Political Jumbling FATA’s Future: Part 2

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Chairman of the Fata reforms committee, Sartaj Aziz rightly says about the history of FATA reforms that if it was merged in 1977, when Bhutto formed committee under General (R) Naseerullah Babar, situation would have been much better than it is and has been but the proposed merger with KP (then NWFP) was not given a practical shape because of the Zia’s military coup.
There were some political reforms in 1996, 2002, 2004 and 2012, administrative reforms in 2006 and legal reforms in 2011: extending the adult franchise, allowing political parties, increasing independence of FATA Secretariat and local government regulation. Though these have in some way contributed to Fata but not in a true sense and that is mainly because of drawing lines between various kinds of reforms, which are dependent on each other.
There are controversies over the reforms in FATA, its procedure and content and that should be there but in a constructive manner with a futuristic lens that is visionary and based on both short-term and long-term approach. The resources of the federal government are undoubtedly limited, which will not be enough for setting up new provincial institutions but that should be enough for mainstreaming-led-merging with Khyber Pakhtunkhwa, KP, where FATA should be given preference for ten years based on equity and the budget should be from federal government rather than from the provincial share of KP in NFC.
Administrative reforms along with legal one would lead to socio-political reforms in FATA, which is also an important need of the time for the welfare of its people and that can strengthen and purify the social structure and political culture of the area. Such socio-political evolution would also provide fertile conditions for the economic development of whole FATA and economic prosperity of the people.
The political rifts on FATA issue which have delayed reforms and generated further tensions, thus only harm the people and even image of political parties that they have formulated for their political interest.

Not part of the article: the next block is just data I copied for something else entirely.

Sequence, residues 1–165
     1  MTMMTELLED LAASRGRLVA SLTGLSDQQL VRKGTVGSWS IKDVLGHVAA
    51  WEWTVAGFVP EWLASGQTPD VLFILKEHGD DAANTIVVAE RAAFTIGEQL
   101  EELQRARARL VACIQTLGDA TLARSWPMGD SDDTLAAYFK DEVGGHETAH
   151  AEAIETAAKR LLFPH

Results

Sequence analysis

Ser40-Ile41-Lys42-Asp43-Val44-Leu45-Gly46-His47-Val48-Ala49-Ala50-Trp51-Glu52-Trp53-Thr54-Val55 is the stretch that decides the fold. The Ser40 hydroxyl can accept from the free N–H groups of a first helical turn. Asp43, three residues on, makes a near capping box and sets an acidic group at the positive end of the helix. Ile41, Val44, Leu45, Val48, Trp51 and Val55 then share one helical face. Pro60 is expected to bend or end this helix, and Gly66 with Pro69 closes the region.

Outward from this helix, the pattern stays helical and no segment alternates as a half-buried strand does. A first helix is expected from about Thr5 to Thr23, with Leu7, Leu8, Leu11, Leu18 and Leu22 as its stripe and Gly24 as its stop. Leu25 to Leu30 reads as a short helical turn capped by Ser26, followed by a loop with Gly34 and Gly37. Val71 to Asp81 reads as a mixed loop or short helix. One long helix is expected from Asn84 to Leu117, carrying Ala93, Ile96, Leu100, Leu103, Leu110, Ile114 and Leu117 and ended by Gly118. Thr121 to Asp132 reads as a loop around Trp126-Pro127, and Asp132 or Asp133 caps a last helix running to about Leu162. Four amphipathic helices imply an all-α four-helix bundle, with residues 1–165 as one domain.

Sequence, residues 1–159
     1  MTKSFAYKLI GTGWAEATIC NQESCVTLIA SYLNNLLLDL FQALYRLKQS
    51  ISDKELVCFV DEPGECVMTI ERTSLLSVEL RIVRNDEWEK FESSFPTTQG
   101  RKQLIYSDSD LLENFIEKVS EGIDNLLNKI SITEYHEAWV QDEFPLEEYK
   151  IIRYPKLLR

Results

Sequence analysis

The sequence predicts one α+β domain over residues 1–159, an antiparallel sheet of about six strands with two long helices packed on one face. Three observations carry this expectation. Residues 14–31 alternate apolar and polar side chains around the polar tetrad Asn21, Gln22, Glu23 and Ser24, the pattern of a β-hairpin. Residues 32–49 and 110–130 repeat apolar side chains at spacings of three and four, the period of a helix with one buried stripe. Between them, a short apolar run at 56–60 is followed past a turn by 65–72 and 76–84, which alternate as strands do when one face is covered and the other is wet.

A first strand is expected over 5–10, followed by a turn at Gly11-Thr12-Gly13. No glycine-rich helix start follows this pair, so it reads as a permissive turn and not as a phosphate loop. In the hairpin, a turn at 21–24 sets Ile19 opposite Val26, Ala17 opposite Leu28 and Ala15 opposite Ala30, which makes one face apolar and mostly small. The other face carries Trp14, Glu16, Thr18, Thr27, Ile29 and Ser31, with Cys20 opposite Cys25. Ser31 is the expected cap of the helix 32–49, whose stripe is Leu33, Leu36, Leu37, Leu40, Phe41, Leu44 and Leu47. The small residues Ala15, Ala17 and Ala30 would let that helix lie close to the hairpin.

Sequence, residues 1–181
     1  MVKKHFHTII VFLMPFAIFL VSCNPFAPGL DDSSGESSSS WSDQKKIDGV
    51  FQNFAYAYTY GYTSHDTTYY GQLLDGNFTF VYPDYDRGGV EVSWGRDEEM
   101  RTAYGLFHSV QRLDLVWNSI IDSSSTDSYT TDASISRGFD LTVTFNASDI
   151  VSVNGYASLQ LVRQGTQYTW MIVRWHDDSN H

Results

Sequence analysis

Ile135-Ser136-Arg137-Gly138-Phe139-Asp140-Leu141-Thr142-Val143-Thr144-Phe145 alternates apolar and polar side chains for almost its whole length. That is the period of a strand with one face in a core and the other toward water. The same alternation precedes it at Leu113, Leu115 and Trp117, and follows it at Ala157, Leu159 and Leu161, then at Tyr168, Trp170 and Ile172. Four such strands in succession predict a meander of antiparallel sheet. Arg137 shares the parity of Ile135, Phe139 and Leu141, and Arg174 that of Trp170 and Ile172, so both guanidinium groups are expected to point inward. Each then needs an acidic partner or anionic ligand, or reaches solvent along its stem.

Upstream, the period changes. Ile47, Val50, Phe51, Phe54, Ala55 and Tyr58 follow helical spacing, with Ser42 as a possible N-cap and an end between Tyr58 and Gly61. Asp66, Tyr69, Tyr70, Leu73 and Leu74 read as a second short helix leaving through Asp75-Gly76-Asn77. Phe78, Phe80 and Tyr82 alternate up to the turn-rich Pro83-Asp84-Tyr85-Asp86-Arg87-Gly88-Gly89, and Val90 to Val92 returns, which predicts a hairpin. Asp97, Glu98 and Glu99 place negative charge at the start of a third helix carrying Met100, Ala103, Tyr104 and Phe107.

Rather than looking for personal, institutional or group interest, FATA is in utmost need of collective interest of its people that should be the priority of all

Whether that is by sub-nationalist parties, promoting their agenda in already exclusive part of the country though contrary to Pashtun nationalism, which sees the unity of Pashtuns in one province or at least to possible limit or the religious parties, which want to make their space by calling such merging as an instruction of ‘Jews’ and ‘Americans’ in dominated religious society among common people, is harming the country in general by propagating such irrational and outdated slogans both internally and externally.
Though political parties were kept on the front to propagate such controversy and even now but at the back there are other elements too, who have vested interest in its war economy, the black market and ruling authority with the tribal leaders and some working as pressure groups. But this all only harms the people of FATA and indirectly the country, as well.
Leading political analysts from Pakhtun belt, Khadim Hussain, and Afrasiab Khattak have no opponent on such level from their region and they convey their rational point of views, preferring merger option on merging question while analyzing FATA’s wounds.
Unfortunately, there has been less debate on the actual issue on electronic media and social media but more focus on the clash of different sides and that worsen things rather looking forward a foresight on the real problem. It would be much better if the genuine and real issue and the way of reforms were being debated in all relevant circles and on media but that has not been the case yet.

There is still one more opportunity in upcoming general elections 2018, of which focus on contesters and political parties in FATA can be on ongoing reforms implementation process, with sufficient coverage by media